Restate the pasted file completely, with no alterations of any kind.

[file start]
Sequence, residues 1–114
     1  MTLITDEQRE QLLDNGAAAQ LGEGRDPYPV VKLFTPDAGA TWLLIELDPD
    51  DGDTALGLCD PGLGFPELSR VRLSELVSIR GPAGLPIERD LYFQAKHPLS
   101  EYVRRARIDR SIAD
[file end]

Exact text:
Sequence, residues 1–114
     1  MTLITDEQRE QLLDNGAAAQ LGEGRDPYPV VKLFTPDAGA TWLLIELDPD
    51  DGDTALGLCD PGLGFPELSR VRLSELVSIR GPAGLPIERD LYFQAKHPLS
   101  EYVRRARIDR SIAD